Of course, we already have a Library Bill of Rights and an interpretation of it that articulates its application to school libraries. I encourage students to try to state their ideas simply, then add explanations if necessary.

I’m going to start my list of essential core values for the school library program. What would you add? Share your core values with us in the comments.

1.) Students have the right to access the instruction and expertise of a full-time credentialed library media specialist(s) as well as adequate support staff to ensure this accessibility and smooth functioning.

2.) Students have the right to resources that reflect their own cultures as well as the diverse world we live in.

3.) Students have the right to pursue topics of personal interest in the library media center using the resources available there (both physical and virtual).

4.) Students have the right to regular information literacy instruction embedded in their broader curricular studies, not separate from it.

5.) Students have the right to participate in creating their school library media program.

….What would you add?

Telling Your Library’s Story

Not so long ago, data were hard to come by.  As our society has become more and more infused with technology, data aren’t nearly as scarce as they used to be.  In school libraries, we have circulation statistics, site hits, classes taught, and the list goes on and on. There is no doubt that these data help us when we need to justify our programs to administrators and others. We can also use data to see trends, identify problems, and herald successes.

In between the infographics, statistics, and charts, lately I’ve noticed the call for stories. Stories are one of the main ways that we learn from and share with one another. Numbers can be informative, but they are all the more compelling when accompanied by a well-told story of a successful learning experience made possible by the school library.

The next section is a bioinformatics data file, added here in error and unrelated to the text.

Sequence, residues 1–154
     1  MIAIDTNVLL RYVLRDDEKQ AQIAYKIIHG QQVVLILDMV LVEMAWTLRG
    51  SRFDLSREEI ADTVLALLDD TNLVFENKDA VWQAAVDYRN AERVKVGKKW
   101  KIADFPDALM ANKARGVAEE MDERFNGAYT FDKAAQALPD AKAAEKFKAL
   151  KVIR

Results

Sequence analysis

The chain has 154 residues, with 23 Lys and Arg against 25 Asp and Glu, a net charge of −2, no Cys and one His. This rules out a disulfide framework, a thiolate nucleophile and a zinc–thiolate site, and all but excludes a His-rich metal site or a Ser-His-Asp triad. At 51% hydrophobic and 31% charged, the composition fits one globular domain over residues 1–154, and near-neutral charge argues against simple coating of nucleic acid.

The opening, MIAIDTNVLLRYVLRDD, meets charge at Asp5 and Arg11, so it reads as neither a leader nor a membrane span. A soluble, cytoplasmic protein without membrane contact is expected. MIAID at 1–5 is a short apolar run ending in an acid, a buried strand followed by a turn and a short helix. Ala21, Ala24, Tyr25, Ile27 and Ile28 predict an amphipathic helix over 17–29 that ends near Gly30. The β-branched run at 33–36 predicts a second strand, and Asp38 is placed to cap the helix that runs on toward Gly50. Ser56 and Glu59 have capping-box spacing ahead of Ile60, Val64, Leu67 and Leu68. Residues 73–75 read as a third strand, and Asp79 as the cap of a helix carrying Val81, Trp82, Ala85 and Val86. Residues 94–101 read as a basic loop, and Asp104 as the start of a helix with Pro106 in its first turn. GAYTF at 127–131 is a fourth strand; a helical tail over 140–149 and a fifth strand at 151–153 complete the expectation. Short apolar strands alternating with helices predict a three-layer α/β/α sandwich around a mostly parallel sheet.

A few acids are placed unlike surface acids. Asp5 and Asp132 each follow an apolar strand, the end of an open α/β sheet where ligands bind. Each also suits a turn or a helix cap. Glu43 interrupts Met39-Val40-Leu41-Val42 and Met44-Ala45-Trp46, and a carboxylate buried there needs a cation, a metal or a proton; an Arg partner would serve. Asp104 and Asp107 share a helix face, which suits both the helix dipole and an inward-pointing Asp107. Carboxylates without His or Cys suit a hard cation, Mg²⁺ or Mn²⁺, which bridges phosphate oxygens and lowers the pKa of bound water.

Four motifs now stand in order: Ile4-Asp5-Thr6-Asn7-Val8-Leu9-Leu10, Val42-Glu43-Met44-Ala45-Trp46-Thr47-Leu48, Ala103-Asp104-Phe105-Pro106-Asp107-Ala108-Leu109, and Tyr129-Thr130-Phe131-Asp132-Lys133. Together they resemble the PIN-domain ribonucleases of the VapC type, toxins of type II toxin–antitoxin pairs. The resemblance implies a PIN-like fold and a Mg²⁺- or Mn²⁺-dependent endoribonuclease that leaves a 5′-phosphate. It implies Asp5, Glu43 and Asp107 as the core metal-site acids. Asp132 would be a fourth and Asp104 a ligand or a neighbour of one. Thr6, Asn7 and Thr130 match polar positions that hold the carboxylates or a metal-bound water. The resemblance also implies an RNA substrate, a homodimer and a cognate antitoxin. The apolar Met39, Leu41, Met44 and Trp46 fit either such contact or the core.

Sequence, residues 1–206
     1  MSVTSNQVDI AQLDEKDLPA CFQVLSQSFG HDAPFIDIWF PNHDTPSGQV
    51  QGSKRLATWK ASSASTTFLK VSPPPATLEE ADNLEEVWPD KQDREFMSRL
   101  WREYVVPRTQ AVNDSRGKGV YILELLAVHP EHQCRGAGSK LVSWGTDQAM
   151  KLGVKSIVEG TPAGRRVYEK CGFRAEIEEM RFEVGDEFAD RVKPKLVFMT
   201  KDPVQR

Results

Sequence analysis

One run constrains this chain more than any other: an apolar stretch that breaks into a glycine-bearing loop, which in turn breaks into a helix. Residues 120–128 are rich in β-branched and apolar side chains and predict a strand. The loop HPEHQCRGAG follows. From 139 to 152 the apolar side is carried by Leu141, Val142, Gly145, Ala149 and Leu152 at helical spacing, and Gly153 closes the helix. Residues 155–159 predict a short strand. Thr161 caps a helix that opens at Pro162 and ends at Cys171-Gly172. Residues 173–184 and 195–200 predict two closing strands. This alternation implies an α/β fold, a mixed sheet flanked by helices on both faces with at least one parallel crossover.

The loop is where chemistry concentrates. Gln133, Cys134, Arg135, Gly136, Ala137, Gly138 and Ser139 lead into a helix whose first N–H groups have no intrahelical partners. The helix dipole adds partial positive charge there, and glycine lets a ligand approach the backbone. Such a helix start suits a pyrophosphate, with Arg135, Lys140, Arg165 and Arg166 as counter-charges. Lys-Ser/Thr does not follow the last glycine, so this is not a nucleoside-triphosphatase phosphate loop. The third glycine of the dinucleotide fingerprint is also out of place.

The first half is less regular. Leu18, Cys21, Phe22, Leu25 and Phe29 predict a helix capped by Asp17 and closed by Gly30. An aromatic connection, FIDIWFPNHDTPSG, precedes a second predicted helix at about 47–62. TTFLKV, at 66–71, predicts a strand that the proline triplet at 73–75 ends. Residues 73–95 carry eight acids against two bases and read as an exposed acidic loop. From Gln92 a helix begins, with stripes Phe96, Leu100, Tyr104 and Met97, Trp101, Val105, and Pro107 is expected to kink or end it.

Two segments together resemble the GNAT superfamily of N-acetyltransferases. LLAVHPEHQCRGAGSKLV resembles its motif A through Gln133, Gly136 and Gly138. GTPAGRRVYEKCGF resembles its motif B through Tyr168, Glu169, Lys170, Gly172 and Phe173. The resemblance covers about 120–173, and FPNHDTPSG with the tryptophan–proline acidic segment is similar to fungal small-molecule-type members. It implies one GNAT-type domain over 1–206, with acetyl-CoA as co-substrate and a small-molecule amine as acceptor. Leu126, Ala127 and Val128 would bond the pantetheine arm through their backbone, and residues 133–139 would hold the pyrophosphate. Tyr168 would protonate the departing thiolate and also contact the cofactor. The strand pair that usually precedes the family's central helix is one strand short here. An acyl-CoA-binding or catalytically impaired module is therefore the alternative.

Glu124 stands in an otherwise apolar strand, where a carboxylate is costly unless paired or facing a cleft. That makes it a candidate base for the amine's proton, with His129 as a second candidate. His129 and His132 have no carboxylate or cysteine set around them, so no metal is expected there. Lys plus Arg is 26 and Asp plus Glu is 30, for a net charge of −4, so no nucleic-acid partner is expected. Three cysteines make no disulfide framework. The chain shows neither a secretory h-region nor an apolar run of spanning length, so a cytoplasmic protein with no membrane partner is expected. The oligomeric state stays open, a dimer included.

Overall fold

April is School Library Month. AASL has adopted “Create Your Own Story” as the 2011 School Library Month theme. Students can use the library to find and tell stories, and we can tell our library’s stories as well.

If you’re not sure how to tell your library’s story, there are a number of resources that might help you think about how to start developing a collection of stories about your library.  Starting March 15, AASL is offering a free series about creating strategic stories to gain support for libraries. I also learn a lot about the power of effective stories from resources like StoryCorps, not to mention friendships with professional storytellers including Linda Martin and Stephanie Jones.

There are many ways to begin collecting stories, or add to the collection you’ve already started. You might grab a flip video camera for an interview. Record photographic evidence of student learning and audio record accompanying reflections. Encourage digital storytelling.

Of course, librarians can’t be the only ones telling positive stories about school library programs. When programs are in trouble, parents and other community members need to speak out on our behalf. Keep an email file with comments from parents and community members who have been enriched by your program. Include a “press” page on your website with links to local news stories about projects that include your school library.  If a crisis comes, you have ready resources to share efficiently.

Unfortunately, outside of the library community, there are too few people telling positive stories about what school libraries do.
I’ve seen calls for positive examples that aim to stretch beyond our usual conversations.  This is one way projects like the Learning4Life video contest and PC Sweeney’s Great Librarian Write Out! can inspire us to share stories in different ways and places.